Now Mayor Bloomberg wants to protect you from...social media?

Didn't think it was possible for NYC Mayor to become a bigger hypocrite? Guess again. Despite having a Twitter accounts of his own (personal & professional), a Facebook page, and multiple other channels, Mayor McFascist can't help but bash social media.

Yes, despite the massive growth of New York Cities tech scene, doesn't dig the social media scene. (Is anyone really surprised a tool that expands an individual's ability to make their voice heard and impact change isn't on the mayor's admiration list?) He disdain centers around many of things to be expected of someone who likes to restrict individual liberty: It makes governing harder.

Despite Twitter and Facebook's ability to allow Bloomberg in engage with the citizens of New York City on an individual level, he somehow believes social media creates new challenges for the government. Have any governments that protect the freedoms of their people been negatively impacted by the social media revolution? The United States seems to have more citizens engaging with their representatives due to the tools — they're sharing more news about what's going on inside of Washington and can get real time feedback from their elected officials.

The fact is, the only governments to experience real challenges and threats to power are the oppressive ones like Iran, Egypt, Syria, etc. The same governments that are doing everything they can to restrict and block open, unregulated access to the internet and social media.

Mr. Collective, is of course worried about "the greater good," not the individual liberties of American citizens. Bloomberg, who has an active twitter account managed by his staff, just things there needs to be some rules around social media. Yesterday he said,

"Number one, I don't understand why people don't understand that anything you write, anything you send out, is gonna be retweeted, re-Facebooked, re-this, re-that," he said, at a Williamsburg press conference about helping the unemployed get jobs. "You should write down, number one, only things you believe, and number two, then think about how it would look if somebody else sees it. There are just a lot of young kids who are doing things on their Twitter account, their Facebook account, that later on is gonna come back and bite them."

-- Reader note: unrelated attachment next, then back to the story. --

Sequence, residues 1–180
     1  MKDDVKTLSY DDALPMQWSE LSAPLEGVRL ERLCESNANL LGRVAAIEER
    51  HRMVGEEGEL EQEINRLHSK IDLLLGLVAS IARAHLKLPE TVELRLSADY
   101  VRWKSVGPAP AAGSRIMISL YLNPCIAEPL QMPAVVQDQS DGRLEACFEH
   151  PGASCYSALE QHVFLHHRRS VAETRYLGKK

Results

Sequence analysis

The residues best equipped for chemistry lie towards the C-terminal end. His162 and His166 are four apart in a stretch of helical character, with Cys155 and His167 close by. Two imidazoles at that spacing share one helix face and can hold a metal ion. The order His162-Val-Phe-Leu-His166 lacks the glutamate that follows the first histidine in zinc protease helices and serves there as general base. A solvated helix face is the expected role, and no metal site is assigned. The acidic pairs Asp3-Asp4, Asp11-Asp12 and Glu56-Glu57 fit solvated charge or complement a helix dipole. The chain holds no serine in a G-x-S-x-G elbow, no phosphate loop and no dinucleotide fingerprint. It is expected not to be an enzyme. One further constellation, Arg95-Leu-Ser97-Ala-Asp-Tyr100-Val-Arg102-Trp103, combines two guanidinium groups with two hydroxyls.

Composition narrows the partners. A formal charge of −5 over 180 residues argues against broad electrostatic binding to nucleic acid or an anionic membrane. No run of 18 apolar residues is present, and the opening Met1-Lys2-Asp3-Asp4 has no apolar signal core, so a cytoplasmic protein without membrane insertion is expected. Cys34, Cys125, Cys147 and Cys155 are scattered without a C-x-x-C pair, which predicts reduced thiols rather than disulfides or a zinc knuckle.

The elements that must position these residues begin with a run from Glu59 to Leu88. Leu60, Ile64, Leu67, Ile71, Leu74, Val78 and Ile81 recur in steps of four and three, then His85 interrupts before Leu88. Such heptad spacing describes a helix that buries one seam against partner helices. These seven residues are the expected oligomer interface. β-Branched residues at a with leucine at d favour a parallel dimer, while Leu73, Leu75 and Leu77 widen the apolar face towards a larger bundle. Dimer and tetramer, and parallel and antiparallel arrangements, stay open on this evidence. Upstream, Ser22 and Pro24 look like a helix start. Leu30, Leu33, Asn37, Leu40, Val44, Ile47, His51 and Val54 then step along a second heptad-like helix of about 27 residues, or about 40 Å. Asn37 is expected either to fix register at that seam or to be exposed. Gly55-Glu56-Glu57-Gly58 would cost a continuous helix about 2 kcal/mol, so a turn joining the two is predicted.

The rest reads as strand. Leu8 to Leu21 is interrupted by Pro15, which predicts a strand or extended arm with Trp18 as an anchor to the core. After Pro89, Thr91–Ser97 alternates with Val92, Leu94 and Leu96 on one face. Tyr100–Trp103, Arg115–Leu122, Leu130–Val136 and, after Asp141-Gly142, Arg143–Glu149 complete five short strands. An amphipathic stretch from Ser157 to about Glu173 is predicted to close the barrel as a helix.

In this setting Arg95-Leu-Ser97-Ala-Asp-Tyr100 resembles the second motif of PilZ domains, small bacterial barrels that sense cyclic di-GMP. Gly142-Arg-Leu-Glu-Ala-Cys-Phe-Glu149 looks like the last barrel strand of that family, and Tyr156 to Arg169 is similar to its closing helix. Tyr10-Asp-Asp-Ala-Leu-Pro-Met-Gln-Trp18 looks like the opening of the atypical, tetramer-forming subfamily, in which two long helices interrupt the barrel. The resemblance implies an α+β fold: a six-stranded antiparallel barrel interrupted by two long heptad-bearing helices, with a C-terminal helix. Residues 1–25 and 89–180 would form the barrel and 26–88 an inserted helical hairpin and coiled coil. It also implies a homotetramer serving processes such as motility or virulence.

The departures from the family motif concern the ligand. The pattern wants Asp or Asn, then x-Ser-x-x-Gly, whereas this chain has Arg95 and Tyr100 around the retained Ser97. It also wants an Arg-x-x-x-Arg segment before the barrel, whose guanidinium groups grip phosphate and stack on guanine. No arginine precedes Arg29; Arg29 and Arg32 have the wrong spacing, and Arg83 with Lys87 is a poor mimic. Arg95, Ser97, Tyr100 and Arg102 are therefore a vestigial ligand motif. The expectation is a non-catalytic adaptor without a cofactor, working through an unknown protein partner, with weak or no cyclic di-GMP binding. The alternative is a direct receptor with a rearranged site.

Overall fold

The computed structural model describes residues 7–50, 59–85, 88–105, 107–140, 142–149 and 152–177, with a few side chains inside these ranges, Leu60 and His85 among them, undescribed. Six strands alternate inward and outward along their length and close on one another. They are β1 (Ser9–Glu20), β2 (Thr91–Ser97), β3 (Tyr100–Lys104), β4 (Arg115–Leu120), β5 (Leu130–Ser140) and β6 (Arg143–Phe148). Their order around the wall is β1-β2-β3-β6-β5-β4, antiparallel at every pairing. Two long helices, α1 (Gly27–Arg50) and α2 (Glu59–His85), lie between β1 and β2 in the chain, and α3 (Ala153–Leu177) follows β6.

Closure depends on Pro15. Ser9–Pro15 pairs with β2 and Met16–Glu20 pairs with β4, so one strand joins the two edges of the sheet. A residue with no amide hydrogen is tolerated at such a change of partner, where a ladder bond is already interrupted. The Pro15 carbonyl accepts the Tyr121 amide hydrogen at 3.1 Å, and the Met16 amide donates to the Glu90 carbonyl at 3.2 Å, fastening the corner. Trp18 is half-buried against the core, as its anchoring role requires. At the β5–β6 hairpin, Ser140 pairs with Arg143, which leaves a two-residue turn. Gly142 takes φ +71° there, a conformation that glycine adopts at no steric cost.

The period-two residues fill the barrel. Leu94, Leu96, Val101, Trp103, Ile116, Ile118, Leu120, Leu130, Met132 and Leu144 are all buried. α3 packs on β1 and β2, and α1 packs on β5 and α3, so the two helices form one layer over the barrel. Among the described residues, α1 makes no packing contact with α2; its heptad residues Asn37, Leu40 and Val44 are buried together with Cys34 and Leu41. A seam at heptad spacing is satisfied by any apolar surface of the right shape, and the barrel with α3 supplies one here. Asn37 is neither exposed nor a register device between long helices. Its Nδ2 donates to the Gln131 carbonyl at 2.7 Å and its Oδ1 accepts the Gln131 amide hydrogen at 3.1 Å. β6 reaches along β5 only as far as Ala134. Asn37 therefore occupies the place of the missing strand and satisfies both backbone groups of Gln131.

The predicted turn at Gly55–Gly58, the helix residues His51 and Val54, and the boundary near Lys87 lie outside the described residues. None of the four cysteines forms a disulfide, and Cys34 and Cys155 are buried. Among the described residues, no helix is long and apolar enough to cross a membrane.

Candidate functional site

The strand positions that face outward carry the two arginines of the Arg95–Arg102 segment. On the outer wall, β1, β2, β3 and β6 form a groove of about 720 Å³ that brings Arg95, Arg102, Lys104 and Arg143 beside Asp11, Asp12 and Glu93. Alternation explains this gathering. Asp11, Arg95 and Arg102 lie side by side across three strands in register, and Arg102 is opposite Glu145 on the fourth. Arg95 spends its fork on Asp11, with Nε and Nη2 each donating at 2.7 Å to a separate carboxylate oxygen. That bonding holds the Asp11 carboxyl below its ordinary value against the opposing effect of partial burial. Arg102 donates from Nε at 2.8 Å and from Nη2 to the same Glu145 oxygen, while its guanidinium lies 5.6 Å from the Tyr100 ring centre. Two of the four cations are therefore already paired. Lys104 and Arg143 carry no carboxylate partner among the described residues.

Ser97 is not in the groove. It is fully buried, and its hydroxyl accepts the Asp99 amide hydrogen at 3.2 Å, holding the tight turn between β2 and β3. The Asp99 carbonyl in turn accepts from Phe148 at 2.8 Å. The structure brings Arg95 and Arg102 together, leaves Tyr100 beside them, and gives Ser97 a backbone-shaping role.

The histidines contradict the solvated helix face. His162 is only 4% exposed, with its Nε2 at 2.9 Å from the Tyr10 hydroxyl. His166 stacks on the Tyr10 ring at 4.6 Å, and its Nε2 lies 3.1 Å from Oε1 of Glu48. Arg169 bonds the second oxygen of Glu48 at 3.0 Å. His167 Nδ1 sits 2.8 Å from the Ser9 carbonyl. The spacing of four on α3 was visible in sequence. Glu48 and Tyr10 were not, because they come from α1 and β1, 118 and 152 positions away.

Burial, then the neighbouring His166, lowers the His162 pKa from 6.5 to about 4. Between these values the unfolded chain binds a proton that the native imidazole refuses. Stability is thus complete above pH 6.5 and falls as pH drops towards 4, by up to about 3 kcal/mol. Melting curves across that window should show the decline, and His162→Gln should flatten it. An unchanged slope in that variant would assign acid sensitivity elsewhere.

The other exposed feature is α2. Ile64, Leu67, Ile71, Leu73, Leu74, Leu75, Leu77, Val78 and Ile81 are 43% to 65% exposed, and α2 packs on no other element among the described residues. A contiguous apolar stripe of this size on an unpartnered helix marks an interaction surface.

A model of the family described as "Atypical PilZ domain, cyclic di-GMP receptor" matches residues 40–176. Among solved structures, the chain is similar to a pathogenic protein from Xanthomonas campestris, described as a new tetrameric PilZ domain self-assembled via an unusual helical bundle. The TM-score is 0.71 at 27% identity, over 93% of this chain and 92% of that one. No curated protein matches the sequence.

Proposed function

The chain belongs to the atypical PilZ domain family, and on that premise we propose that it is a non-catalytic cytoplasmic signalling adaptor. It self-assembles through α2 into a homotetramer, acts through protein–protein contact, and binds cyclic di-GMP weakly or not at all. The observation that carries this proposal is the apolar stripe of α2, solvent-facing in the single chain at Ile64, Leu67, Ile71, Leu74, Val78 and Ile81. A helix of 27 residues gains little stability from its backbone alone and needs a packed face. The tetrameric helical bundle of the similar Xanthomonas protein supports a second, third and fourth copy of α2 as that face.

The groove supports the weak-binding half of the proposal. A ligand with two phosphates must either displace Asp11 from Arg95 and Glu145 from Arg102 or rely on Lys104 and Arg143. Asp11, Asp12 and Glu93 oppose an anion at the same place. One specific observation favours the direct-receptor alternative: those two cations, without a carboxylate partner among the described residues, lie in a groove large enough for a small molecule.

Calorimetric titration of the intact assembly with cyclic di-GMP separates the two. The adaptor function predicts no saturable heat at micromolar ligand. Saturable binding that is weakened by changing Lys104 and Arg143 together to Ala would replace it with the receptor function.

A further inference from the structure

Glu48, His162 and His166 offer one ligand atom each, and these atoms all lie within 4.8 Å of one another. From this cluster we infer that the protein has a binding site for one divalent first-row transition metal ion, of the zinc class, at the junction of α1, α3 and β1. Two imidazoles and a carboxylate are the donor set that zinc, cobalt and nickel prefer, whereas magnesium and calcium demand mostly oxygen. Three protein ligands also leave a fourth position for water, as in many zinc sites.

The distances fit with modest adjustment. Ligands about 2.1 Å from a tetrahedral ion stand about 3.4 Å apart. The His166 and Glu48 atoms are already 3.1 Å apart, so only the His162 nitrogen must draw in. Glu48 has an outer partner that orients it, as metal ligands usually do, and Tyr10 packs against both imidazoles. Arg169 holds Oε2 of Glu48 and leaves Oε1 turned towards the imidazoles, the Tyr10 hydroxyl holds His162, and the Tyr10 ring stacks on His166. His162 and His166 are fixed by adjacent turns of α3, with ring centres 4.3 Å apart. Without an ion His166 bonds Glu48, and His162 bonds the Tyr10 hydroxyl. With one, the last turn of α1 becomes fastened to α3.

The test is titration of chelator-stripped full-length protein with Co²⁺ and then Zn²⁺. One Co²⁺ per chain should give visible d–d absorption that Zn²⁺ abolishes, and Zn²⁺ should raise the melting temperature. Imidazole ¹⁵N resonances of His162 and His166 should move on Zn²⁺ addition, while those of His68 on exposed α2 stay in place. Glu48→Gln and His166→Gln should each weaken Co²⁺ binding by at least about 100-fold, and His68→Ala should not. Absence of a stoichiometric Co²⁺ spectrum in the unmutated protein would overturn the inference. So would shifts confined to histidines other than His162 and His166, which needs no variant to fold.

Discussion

He later added, "You can't talk about a complex subject, or a controversial subject, in a soundbite…The bottom line is it's very addictive, it's easy, you hit a button and nobody thinks that the rest of the world is looking at it."

"Now he's going after the First Amendment," Glenn reacted after hearing Bloomberg's comments. "Now, why would you want — why would you want people not to be able to tweet?  Why would you want people not to be able to use Facebook?"

On the surface, it sounds like he doesn't want dissenters given a voice. And, in typical Bloomberg fashion, he thinks Americans are too stupid to not believe everything that they see and read online.

Ultimately, it's all about control.

"Think of Cyprus.  How did the people find out about Cyprus?" Glenn asked.

Twitter.

The media wasn't doing their job and the story wasn't being reported on, so the word got out on Twitter that Cypus was taxing its citizens personal bank accounts.